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German finance minister visits Greece as austerity measures usher in job cuts

By Elinda Labropoulou and Laura Smith-Spark, for CNN
July 18, 2013 -- Updated 1430 GMT (2230 HKT)
Municipality employees demonstrate in front of the Greek Parliament during a vote on more austerity measures.
Municipality employees demonstrate in front of the Greek Parliament during a vote on more austerity measures.
STORY HIGHLIGHTS
  • NEW: Security is high during Wolfgang Schaeuble's visit, but opposition party calls for a rally
  • Schaeuble is meeting with Greece's prime minister and finance minister
  • Parliament OKs measures to pave the way for 4,000 civil servants to lose their jobs
  • Another 25,000 public sector workers are under threat of losing their jobs under the bill

Athens (CNN) -- German finance minister Wolfgang Schaeuble is visiting Athens on Thursday for the first time since Greece received its first bailout three years ago, hours after the Greek parliament voted through a bill paving the way for thousands of public sector jobs to be cut.

His visit also comes a day ahead of a European Union deadline for Greece to meet targets before it gets its next round of bailout money.

Germany, seen as the driving force behind international creditors' insistence on austerity and reforms, has been the focus of much anger among Greeks suffering as a result of the country's debt crisis.

Newspaper headlines Thursday reflect that sentiment. The newspaper Avgi says "Ave Schaeuble, those about to die salute you," a reference to a phrase attributed to Roman gladiators as they greeted their emperor.

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A headline in another paper, To Pontiki, refers to "the exterminator" and shows Schaeuble about to run over civil servants on a rail track.

While in Greece, Schaeuble has meetings scheduled with Prime Minister Antonis Samaras and Finance Minister Yannis Stournaras.

The measures that were voted through early Thursday had to be approved in order for Greece to receive the latest 6.8 billion-euro slice of international bailout funds -- needed to keep the country afloat.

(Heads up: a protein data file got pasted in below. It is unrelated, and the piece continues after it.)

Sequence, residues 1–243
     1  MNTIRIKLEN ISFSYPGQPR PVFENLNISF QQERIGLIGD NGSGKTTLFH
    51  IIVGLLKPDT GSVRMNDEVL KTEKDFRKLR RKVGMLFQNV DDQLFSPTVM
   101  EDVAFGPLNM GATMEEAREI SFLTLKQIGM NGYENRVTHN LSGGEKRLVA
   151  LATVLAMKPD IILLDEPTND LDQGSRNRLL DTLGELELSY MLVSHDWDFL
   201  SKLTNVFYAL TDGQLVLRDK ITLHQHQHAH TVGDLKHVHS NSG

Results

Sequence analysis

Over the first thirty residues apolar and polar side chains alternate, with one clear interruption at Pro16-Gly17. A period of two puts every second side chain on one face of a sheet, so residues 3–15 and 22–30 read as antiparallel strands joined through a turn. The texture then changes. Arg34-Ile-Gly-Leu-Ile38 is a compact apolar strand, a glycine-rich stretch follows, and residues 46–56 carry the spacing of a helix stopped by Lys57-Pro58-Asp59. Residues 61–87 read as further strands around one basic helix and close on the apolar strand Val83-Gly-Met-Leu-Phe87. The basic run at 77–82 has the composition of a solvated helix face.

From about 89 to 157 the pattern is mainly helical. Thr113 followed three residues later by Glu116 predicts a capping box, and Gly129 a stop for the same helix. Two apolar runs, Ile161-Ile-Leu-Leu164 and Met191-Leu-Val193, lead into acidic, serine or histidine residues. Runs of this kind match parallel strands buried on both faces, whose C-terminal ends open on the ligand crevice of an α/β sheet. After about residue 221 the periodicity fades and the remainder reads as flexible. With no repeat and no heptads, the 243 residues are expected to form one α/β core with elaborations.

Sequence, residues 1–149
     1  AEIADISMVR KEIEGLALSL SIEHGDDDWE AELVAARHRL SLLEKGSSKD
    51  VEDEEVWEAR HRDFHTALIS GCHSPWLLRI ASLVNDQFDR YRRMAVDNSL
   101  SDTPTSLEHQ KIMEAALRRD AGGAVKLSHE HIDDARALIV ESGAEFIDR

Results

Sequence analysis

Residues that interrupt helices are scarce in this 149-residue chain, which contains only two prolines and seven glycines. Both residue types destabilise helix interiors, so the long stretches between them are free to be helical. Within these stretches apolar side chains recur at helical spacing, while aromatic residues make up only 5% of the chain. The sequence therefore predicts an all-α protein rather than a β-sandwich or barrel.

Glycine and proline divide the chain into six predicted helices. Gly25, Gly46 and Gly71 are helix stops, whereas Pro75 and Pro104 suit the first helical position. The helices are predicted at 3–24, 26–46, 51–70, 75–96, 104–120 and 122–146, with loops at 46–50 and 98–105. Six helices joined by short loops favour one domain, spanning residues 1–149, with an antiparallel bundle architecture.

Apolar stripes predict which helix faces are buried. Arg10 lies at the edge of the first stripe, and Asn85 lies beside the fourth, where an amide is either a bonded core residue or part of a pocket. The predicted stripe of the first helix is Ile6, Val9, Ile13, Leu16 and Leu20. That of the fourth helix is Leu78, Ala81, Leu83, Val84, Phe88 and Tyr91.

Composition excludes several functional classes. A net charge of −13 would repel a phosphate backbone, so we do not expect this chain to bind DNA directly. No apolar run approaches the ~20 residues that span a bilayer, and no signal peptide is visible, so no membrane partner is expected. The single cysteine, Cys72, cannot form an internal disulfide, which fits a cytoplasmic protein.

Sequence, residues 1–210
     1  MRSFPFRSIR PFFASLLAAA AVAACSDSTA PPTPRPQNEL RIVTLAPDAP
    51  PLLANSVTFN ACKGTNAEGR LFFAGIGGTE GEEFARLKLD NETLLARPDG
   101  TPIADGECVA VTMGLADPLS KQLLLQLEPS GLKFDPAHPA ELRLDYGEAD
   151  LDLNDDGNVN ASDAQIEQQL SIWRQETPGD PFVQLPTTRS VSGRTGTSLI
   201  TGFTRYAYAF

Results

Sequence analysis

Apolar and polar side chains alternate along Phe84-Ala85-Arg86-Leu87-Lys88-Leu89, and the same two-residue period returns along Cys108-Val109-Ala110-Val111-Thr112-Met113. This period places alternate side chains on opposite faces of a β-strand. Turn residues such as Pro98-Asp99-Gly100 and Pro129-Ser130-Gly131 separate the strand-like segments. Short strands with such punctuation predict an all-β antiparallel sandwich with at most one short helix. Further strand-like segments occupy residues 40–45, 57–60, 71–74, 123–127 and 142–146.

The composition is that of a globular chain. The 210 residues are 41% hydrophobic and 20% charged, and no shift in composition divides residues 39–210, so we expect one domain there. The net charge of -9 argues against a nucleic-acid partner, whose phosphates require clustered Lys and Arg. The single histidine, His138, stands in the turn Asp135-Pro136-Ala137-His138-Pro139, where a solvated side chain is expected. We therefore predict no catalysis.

The bill scraped through, with just 153 lawmakers out of the 293 present in the 300-seat parliament voting in favor.

There were protesters outside the parliament building late into the night while the vote was taking place.

Greek police banned public gatherings and marches in much of central Athens from 9 a.m. to 8 p.m. Thursday for security reasons, applying similar restrictions to those imposed during a visit by German Chancellor Angela Merkel in October.

But Greece's main opposition party, the Coalition of the Radical Left, Syriza, issued a statement calling for a rally Thursday evening "against the architect of the bailout austerity policies" at a square near parliament.

In its statement, Syriza said that "if the government is not hesitant about issuing dictatorial decisions banning gatherings, then the people must show that they have no fear for them."

'Better days will come'

Under the new legislation, 4,000 civil servants, including teachers, could be out of work this year.

Another 25,000 will be on a "mobility scheme" by the end of the year. This will allow them an eight-month period to look for re-employment while receiving 75% of their salary. If by the end of that period they have not found work in a different department, they could lose their job.

A total of 15,000 are expected to be out of work by the end of 2014 to comply with the requirements of Greece's lenders, the International Monetary Fund, European Union and European Central Bank, which are asking for a slimming down of Greece's inflated public sector.

But for ordinary Greeks, who are facing unprecedented unemployment raging above 27%, the fear is that if they lose their job, they will not be able to find another in the Greek market.

Only hours before the vote, Samaras announced Greece's first tax cut since the crisis began nearly four years ago.

He said Greece "will not relax" in its efforts, adding, "We will continue climbing up the hill, we will reach the top, which is not far, and better days will come for our people."

The cut in the value-added tax in the food service sector, from 23% to 13%, had been an issue in negotiations with Greece's lenders for months.

The timing of the announcement could be seen as a signal of the government's willingness to boost the private sector, while downsizing the bloated public service. Many Greeks believe the private sector has suffered a disproportionate amount during the crisis in order not to shed public sector jobs.

On Tuesday, Greek unions called the country's fourth general strike of the year so far, bringing many public services to a halt.

At least 16,000 protesters joined a peaceful march and protest held to coincide with the strike, Athens police said.

Greece, the first country to receive a European Union bailout, in May 2010, is struggling to bring its huge public debt under control.

The country is in its sixth straight year of recession, and unemployment stood at 26.8% as of March of this year, according to official figures. The jobless rate among young people in Greece has soared to nearly 60%.

Journalist Elinda Labropoulou reported in Athens, and CNN's Laura Smith-Spark wrote in London.

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